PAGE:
Audit Yourself: Analyze and Upgrade Your Communications Strategy

By Madeline Brooks


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Audit. The word carries dreaded connotations of taxes, evaluations… but what about communications? Communications audits, which I first learned of at my internship, are systematic evaluations of internal and external communications. By analyzing aspects of an organization’s written, online, and internal communications, one can improve these areas as well as formulate new communication plans. It’s the plan of attack before heading into battle.

Though communications audits are typically performed for organizations, their value extends to personal communications as well. Public relations hopefuls must maintain an arsenal of communication tools to build their personal brand – Twitter, LinkedIn, blogs, websites, and Google+, among others. Given the professional value of communication outlets and the amount of time put into them, why not spend an afternoon assessing your use of these tools to make sure you convey your message as effectively as possible?

Auditing your personal communications strategy need not be confusing or require the services of an expensive PR firm. Begin organized and analyze one piece at a time. I recommend filling out a spreadsheet with the following areas of interest:

  • Outlets – What platforms do you use to build your brand and communicate with other PR professionals? Think of expanding into additional outlets, or cutting back on others that offer little value in your professional pursuits.
  • Audience – You communicate with employers, professors, friends, and family. How will you tailor your messages to each? Does your current communications strategy cater to these groups?
  • Tone – No matter your personal brand, your messages and vocabulary should consistently convey this across all communication platforms. Each word in a post or tweet is a building block in your brand. Is your brand solid and consistent, or shaky?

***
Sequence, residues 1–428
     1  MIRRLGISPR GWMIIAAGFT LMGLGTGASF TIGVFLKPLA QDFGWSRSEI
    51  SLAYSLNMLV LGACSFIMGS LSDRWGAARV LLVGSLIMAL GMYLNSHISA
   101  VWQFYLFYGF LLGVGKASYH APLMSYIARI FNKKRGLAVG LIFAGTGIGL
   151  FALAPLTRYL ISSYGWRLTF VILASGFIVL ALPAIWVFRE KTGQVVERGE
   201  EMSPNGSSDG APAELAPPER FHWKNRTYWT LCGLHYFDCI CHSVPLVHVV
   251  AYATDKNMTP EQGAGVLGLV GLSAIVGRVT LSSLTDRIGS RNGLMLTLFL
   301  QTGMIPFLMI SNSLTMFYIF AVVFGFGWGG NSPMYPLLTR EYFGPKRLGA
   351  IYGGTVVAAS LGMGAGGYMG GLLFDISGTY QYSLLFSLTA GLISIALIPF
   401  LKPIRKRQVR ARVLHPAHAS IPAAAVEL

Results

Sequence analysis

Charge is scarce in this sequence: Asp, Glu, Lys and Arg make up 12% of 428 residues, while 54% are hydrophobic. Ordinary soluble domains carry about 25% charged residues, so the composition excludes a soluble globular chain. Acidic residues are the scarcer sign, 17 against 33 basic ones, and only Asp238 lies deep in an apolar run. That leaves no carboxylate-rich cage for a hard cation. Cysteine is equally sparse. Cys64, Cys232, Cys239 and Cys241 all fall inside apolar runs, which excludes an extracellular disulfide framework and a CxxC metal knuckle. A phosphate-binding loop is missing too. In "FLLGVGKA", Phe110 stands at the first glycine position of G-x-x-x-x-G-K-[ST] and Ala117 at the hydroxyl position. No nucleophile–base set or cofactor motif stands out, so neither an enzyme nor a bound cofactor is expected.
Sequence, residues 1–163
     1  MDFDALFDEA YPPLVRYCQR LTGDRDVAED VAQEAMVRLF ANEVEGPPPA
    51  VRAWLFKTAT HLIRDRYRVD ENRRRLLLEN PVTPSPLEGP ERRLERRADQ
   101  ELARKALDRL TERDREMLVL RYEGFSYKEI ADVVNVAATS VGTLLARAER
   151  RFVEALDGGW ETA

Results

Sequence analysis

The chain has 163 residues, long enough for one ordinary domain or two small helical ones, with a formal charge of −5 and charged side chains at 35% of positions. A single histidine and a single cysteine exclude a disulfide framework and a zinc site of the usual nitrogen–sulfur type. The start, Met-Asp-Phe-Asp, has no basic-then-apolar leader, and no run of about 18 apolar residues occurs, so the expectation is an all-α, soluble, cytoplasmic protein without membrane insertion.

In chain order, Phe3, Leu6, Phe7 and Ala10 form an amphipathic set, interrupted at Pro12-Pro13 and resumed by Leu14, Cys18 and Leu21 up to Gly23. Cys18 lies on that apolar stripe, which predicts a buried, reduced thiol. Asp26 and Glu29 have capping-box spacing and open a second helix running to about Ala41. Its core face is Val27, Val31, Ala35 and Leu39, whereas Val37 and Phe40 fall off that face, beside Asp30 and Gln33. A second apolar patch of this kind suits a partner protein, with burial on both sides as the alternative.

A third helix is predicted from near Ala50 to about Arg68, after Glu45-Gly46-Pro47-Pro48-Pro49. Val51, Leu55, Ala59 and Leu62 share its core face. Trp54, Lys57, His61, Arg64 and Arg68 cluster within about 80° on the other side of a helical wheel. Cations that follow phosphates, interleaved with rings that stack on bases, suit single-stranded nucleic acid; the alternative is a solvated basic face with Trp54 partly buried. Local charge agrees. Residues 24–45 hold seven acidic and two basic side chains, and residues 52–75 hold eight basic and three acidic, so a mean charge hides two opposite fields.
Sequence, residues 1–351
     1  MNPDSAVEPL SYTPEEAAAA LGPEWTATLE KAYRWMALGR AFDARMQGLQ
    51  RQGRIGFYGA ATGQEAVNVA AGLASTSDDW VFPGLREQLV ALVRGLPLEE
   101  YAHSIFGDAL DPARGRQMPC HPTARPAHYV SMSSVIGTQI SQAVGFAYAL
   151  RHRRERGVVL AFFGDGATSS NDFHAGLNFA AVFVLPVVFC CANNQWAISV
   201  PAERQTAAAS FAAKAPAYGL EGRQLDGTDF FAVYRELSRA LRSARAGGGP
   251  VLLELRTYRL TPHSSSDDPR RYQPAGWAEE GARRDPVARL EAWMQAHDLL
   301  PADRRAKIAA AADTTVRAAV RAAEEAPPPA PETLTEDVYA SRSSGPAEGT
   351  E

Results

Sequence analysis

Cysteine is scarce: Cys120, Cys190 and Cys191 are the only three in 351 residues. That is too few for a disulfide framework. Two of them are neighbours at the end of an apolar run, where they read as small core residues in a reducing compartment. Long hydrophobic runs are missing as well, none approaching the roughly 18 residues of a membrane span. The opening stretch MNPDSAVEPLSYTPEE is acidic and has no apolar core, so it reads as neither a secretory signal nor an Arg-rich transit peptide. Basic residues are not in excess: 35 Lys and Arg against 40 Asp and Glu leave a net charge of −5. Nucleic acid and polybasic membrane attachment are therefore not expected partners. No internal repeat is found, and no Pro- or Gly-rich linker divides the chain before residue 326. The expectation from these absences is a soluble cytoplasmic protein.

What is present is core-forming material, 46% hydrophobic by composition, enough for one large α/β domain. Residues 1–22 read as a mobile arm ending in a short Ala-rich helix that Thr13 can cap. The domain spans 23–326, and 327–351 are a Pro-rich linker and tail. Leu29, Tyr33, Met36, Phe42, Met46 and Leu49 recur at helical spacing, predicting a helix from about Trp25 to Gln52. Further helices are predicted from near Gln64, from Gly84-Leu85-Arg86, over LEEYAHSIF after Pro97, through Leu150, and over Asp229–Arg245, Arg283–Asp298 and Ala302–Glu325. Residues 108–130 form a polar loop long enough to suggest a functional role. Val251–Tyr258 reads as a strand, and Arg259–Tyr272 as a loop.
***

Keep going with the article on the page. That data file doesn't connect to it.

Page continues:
• SWOTs – Most communications audits assess strengths, weaknesses, opportunities, and threats. By identifying these aspects, one can see what to keep doing, what to change, and what to look out for in the future.

It’s easy to keep doing more of the same in our communications, but maintaining our current strategy is not the same as improving it. We need to step back and make sure we do not waste effort on ineffective or inconsistent messaging. Pause to research your communications strategy and perfect the next step, whether it’s a LinkedIn update or new blog post.

A personal audit revealed weaknesses in my own communications, from words I use too often (“great”) in tweets, to the woeful neglect of my LinkedIn profile. Personal communications audits require some tough love, but a brief analysis provides a high return on investment. By comparing your communication tactics side by side, it becomes clear which methods complement – or hinder – your professional development. It’s not too late for a little spring cleaning. Audit your personal communications strategy to see what needs work – your tactics should change with time, experience, and feedback. A good communications strategy is never static.

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Maddie Brooks is a sophomore communication interest major with a concentration in public relations. She is a Social Media Ambassador and is involved with PRSSA and Intervarsity Christian Fellowship. She currently interns with the AstraZeneca HealthCare Foundation. She hopes to pursue a job in public relations for a healthcare or nonprofit organization after graduation.

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